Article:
The removal of the RMB conversion cap imposed on Hong Kong residents and the establishment of Bank of China’s Paris branch as the official RMB clearing bank are steps forward on the path of the Chinese currency’s internationalization process, says a report issued by the Australia and New Zealand Banking Group Limited (ANZ).
The Hong Kong Monetary Authority (HKMA) chief executive Norman Chan said that the People’s Bank of China (PBoC) "see no issues lifting Hong Kong’s resident daily conversion quota" when he commented on the measures to support the Shanghai-Hong Kong Stock Connect pilot program.
Separately, the PBoC has authorized Bank of China’s Paris branch to be the official RMB clearing bank in Paris, making it the third city that has an official clearing bank in the European time zone.
The lift on Hong Kong residents’ RMB conversion will encourage local residents to hold more RMB. With the existing cap, local residents see RMB as a less flexible option amongst different foreign currency deposits.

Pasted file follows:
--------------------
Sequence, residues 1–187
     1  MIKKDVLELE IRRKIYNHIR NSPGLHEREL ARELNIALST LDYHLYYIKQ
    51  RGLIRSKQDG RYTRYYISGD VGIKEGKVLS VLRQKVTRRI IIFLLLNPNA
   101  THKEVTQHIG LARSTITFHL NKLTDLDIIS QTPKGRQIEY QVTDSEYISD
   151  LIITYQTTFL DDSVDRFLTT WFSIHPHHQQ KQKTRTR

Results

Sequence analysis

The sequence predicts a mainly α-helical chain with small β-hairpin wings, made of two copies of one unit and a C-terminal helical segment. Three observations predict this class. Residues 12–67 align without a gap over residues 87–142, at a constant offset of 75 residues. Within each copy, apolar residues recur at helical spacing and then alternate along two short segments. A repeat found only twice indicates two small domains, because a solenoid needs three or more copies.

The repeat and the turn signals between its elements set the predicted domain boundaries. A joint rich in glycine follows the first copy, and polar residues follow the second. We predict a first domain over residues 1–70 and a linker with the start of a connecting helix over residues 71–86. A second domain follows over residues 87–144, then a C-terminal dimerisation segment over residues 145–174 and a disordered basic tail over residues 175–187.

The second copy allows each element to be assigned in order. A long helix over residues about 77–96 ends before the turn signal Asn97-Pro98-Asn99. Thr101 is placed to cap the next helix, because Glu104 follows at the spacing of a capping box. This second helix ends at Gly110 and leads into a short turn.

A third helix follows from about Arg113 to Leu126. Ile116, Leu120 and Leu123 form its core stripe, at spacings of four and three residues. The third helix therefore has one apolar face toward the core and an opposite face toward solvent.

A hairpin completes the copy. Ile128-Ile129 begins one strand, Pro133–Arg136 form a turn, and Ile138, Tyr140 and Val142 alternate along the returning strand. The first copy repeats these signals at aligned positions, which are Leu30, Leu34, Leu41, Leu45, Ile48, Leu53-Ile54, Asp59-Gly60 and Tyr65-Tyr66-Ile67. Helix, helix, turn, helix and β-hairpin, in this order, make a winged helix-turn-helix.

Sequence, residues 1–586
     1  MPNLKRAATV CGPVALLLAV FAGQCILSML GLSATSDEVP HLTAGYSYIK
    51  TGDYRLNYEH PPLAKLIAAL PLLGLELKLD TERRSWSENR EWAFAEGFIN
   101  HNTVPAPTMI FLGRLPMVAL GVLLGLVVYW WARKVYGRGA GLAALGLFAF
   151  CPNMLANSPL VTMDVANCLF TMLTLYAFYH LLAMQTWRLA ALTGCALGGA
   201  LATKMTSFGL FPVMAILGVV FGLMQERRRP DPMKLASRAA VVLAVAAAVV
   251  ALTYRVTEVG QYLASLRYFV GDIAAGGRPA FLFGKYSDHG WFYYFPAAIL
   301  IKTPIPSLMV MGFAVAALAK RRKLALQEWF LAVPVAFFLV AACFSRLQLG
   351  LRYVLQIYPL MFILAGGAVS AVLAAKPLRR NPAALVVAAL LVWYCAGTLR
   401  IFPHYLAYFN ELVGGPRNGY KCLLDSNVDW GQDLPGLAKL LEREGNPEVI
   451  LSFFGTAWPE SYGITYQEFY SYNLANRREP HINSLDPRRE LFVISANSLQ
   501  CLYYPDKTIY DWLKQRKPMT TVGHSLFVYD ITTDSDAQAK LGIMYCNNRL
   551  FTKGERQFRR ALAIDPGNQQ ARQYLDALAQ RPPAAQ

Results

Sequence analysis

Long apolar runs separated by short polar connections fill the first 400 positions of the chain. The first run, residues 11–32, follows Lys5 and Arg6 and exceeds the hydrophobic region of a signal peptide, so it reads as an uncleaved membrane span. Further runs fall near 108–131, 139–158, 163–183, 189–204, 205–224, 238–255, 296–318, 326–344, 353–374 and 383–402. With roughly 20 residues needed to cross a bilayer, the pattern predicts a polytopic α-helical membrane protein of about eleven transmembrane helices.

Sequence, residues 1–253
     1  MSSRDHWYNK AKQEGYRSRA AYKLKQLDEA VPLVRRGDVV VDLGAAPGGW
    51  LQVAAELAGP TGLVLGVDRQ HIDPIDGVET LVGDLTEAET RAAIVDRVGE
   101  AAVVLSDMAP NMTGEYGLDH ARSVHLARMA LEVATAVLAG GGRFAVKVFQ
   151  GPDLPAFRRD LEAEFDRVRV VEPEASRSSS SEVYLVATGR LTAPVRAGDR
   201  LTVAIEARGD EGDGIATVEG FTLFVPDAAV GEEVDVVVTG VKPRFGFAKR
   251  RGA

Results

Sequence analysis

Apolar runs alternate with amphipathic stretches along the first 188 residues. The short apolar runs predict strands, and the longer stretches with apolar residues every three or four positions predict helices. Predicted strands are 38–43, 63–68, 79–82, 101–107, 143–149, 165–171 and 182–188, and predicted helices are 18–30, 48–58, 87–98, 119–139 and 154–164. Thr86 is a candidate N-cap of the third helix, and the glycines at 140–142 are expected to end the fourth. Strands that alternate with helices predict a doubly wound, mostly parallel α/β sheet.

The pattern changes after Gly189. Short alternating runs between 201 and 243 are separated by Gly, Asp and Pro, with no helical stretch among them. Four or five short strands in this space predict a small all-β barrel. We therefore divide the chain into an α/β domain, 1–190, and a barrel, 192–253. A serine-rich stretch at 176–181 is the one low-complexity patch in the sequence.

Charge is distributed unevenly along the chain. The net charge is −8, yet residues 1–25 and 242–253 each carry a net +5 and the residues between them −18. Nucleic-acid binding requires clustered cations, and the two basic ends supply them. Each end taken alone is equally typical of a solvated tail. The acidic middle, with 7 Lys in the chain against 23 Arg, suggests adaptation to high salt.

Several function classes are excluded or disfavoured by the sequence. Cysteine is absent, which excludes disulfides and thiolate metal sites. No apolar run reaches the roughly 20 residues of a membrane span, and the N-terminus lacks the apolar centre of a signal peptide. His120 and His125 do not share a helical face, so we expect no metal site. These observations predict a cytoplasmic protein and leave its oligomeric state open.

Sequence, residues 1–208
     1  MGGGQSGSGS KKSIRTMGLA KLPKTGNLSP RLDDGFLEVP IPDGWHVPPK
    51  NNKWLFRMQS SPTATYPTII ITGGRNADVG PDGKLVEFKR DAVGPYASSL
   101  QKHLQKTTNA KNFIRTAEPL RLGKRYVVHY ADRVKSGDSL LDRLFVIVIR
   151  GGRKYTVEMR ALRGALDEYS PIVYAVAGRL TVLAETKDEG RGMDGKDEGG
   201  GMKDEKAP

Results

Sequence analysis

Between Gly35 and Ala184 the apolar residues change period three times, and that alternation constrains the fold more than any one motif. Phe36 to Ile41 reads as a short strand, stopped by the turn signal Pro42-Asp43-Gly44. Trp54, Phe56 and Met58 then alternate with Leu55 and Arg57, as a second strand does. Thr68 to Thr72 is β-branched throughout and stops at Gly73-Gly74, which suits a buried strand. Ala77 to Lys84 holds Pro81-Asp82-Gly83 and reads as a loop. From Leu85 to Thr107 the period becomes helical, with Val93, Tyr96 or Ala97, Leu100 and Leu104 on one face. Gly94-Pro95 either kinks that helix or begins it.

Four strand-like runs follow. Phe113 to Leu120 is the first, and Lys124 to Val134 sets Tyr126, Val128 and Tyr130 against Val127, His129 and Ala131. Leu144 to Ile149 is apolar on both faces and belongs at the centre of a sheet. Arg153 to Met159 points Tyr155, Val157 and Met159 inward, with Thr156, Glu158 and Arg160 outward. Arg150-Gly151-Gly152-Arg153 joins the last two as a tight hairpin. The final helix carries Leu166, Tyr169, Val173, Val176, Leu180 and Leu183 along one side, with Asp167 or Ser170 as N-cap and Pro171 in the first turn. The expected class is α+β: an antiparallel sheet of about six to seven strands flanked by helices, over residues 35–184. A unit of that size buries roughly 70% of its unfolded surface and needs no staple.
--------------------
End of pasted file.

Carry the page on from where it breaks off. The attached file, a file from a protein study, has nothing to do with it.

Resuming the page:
Meanwhile, banks will be able to design more retail products, including RMB-linked or other forms of cross-currency structured deposits, enriching the product suite of Hong Kong’s offshore RMB market.
While the increasing demand for individual RMB deposits may fuel appreciation pressure on the exchange rate, the removal of the cap will unlikely alter the exchange rate in the long run because it is still largely determined by the macroeconomic factors and policy action of China.
The RMB spot rate will still be anchored by the PBoC’s daily fixing and the spot and forward rates will be traded at discount or premium on RMB, adjusted for the interest rate parity condition.
However, banks may need to increase their RMB liquidity positions in view of this relaxation. As the offshore pool of RMB remains largely constrained in the short term, the RMB interest rate will face an upward pressure.
With the PBoC appointing more RMB clearing banks in the offshore market, including the latest one in Paris, Hong Kong’s RMB market will no longer monopolize the supply of RMB in the offshore market because other cities will have direct access to RMB via their own clearing banks.
Exporters and importers in Europe can invoice and settle their trade in RMB, although such practice is still at an embryonic stage, says the report. As the clearing banks will use onshore exchange rate as their reference rate for cross-border trade and investment settlements, this development will imply a convergence of offshore and onshore exchange rates.